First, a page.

The New Yorker is a weekly magazine that has been printing since 1925. Today The New Yorker is considered by many to be the most influential magazine in the world, renowned for its in-depth reporting, political and cultural commentary, fiction, poetry, and humor.
I worked at The New Yorker from 2002 to 2008 in the Illustration, Art, Production, and Legal Departments at the main office and the Cartoon Bank in upstate New York.
In 2002, I was a junior at Parsons School of Design and jumped at a chance to take an Illustration Department internship for credit. All I had to do was send in my resume (previous experience being an internship at Tiger Beat Magazine) and show up for one interview. When I visited Condé Nast HR department to get my security clearance they told me I'd never have a future at The New Yorker because I was an illustration major. That was all the motivation I needed to devote myself completely to the position and continue to work for another 6 years.
I made a lot of copies and got to know the ins and outs of the mailroom and Fedex shipping schedule as an intern. After my semester was over I chose to stay on. I volunteered in the design department where I helped pick spot illustrations (by Otto Soglow) from the archive and occasionally gave directions to Tom Bachtell for Talk of the Town illustrations. I soaked up every experience and by the end of the summer I was an unofficial (unpaid) member of the design department.
Data proofing and assistant project management for The New Yorker anthologies
In 2004 I found a job posting on Craigslist for the Cartoon Bank in Dobbs Ferry, 45 minutes north of Manhattan. The president of the Cartoon Bank told me I got the interview out of hundreds because I wrote, "I Can Start Today" in the subject line of my email.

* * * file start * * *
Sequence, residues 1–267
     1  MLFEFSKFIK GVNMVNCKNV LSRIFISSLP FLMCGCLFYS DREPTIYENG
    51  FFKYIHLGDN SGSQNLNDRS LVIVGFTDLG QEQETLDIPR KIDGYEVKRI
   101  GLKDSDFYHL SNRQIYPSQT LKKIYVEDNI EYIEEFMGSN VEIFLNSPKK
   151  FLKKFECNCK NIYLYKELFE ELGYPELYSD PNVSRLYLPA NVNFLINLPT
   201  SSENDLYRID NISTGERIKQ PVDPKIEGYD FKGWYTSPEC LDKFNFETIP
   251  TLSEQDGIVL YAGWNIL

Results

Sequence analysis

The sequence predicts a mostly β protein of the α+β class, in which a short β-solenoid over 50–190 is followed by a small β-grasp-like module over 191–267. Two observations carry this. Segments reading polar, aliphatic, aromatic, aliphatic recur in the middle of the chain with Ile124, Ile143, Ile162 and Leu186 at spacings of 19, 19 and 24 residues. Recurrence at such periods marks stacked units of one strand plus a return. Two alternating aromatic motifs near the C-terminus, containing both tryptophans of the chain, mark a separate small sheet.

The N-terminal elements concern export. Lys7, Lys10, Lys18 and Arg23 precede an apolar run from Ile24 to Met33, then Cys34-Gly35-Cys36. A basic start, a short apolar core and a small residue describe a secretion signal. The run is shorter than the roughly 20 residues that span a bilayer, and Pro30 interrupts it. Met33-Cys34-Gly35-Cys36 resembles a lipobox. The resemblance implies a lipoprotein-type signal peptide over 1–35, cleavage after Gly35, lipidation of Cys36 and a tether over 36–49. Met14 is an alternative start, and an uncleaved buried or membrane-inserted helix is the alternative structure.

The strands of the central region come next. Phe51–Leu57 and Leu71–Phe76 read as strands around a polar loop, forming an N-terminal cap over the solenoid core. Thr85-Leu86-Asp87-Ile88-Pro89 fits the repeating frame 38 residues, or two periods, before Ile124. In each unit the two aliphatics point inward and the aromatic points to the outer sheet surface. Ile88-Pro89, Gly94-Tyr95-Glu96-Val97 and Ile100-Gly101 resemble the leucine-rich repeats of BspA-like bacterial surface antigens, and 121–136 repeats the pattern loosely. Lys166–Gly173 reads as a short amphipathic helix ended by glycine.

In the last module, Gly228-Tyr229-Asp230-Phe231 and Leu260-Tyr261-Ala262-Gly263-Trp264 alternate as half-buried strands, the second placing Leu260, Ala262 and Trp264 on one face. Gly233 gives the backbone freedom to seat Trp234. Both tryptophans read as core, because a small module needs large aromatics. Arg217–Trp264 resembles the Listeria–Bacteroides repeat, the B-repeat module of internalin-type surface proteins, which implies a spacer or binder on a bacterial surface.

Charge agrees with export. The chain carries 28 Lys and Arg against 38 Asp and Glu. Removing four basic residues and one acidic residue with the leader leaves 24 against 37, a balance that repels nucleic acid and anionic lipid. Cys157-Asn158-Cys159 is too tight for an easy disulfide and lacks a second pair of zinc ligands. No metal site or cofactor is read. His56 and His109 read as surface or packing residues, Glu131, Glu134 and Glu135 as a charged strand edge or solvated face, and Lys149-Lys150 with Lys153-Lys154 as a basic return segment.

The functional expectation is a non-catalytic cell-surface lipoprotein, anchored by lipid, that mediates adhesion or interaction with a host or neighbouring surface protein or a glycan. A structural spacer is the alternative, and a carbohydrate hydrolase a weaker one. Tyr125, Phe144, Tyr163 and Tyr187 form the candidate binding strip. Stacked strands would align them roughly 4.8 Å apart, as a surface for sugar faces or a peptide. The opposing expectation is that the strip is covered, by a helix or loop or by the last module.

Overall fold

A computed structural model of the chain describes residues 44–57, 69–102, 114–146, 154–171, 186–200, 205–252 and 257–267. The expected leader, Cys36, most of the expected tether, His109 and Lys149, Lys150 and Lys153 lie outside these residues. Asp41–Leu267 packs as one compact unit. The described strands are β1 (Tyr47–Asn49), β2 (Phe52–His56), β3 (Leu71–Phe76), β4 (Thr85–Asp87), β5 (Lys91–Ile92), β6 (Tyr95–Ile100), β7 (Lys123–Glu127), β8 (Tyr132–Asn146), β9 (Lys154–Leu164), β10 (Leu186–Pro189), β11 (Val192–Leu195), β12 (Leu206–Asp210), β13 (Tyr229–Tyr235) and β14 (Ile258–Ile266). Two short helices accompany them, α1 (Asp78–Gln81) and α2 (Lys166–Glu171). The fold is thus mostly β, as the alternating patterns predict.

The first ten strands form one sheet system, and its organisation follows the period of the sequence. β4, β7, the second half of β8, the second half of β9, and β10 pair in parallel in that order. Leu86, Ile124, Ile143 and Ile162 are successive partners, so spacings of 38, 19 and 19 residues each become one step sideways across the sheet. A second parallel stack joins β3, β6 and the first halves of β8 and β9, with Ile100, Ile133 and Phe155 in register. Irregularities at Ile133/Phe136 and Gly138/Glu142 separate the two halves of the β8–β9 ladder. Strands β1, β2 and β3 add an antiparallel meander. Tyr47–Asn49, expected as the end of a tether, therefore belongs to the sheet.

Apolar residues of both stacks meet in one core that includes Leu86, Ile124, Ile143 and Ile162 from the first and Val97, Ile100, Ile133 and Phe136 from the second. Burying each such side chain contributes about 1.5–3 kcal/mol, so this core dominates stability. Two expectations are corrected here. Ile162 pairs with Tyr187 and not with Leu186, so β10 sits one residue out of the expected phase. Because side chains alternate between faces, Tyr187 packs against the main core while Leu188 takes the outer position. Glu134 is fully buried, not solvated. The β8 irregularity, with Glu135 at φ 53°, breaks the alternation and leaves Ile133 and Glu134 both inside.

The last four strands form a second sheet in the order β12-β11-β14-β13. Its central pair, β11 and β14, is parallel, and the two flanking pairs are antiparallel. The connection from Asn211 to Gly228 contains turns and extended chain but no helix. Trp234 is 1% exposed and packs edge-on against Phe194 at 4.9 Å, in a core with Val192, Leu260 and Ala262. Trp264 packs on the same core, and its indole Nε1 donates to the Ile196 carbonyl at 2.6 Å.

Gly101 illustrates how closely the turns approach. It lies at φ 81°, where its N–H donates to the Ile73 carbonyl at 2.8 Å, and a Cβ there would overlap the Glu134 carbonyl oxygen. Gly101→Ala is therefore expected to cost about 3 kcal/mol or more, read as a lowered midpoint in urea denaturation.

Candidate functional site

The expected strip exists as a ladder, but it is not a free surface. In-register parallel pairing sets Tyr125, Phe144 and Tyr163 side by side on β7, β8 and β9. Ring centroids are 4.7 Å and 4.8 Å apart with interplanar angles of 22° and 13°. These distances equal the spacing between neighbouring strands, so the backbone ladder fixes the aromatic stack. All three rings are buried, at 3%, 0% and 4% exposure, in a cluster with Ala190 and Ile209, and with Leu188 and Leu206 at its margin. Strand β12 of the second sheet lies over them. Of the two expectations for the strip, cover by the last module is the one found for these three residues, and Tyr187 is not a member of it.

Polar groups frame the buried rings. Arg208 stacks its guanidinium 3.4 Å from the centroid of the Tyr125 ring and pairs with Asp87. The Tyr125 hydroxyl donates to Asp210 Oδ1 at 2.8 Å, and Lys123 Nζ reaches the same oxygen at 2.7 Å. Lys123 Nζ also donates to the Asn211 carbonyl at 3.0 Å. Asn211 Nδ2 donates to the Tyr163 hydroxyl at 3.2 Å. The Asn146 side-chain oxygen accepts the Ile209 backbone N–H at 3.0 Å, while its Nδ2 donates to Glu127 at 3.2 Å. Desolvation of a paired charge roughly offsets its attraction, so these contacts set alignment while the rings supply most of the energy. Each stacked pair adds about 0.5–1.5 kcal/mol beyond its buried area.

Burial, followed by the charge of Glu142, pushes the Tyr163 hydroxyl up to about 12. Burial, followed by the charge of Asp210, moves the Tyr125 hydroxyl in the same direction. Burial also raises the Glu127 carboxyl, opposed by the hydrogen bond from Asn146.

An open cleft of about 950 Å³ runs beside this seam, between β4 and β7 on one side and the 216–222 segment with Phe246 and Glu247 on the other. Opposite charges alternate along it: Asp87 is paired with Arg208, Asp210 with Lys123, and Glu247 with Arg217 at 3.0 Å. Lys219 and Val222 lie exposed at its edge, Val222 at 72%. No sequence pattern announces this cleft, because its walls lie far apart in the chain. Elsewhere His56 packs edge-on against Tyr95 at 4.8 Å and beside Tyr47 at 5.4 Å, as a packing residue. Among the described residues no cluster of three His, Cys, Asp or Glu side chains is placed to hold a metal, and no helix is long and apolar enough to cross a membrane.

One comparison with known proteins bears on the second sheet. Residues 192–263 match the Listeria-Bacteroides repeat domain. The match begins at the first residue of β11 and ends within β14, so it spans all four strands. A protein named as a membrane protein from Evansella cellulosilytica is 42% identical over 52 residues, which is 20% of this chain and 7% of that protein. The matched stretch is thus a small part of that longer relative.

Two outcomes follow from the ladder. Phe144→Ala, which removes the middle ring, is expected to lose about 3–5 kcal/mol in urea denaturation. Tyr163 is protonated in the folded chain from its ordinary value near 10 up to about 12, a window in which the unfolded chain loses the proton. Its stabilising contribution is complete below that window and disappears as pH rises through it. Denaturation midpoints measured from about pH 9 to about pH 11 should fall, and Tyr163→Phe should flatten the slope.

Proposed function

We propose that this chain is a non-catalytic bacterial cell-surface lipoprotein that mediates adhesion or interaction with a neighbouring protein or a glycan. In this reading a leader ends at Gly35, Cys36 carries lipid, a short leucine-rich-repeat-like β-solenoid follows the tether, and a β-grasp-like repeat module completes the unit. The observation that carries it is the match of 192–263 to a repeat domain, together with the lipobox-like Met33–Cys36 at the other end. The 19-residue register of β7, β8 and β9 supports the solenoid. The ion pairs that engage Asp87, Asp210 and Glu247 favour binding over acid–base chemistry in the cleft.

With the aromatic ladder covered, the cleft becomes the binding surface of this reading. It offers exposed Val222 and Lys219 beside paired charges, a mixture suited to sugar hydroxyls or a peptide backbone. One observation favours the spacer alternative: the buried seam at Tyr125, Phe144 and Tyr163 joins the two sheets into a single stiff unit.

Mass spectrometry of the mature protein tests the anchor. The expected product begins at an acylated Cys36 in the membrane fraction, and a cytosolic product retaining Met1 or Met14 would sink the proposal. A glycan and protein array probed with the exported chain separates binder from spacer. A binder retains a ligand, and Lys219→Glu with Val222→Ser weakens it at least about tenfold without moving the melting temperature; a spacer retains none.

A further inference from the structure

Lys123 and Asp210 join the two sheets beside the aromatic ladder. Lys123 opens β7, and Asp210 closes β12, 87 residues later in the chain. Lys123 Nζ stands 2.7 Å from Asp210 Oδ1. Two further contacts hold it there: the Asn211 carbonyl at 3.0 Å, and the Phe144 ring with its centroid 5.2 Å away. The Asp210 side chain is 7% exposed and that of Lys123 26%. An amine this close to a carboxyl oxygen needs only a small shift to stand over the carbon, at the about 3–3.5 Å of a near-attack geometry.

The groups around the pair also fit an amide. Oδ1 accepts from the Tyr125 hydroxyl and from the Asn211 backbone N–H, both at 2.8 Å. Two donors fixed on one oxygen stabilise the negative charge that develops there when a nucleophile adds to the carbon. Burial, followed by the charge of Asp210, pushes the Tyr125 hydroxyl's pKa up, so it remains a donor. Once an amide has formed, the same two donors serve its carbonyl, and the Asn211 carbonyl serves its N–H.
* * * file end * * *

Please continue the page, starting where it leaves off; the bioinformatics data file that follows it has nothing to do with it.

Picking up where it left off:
Robert Mankoff and The Cartoon Bank were putting together an anthology of every cartoon the magazine had ever published in its 80 years. It included over 30 years worth of material that had never been digitized. It was my job to review scans of cartoons and make sure the captions, credits, and descriptions were correct from the earliest un-digitized magazines. I sat in a room of every issue of The New Yorker Magazine and checked each issue, page by page. I worked with 8 others, all with similar tasks. I was sent to the archive library back at The New Yorker headquarters to research cartoonists and source missing information with the help of the TNY librarians. It was laborious but amusing because I was reading cartoons all day, everyday. I read almost every cartoon from 1925 to 1945 at least once. The result was The Complete Cartoons of the New Yorker which is still a lovely coffee table book.
I was invited to the book release party where a co-worker threatened that The New Yorker was going to digitize and scan every page of every issue for me to check. It wasn't a joke! I was invited back a year later to provide the same services. This time, I had to check all of the Talk of the Town stories from the early issues with their digital files and scans. Again, I had to page through each issue of the magazine from the 1920's to 1950's by hand. This project became available to the public in a book and CD disc set called The Complete New Yorker. It was a monumental and ground breaking achievement that offered a huge amount of information in one place. You can read more about the project's significance in this New York Times article: 80 Years of The New Yorker to Be Offered in Disc Form.
Data archiving and assistant project management for The New Yorker website
By the end of 2006, I had a reputation for being able to organize and quickly sort through large amounts of images and information. I was asked to upload all the existing data I had helped archive from CDs onto the internet, making the information accessible to everybody. I worked quickly and in my downtime I helped my old friends in the design department to create the first interactive version of the website that would later home this giant online archive.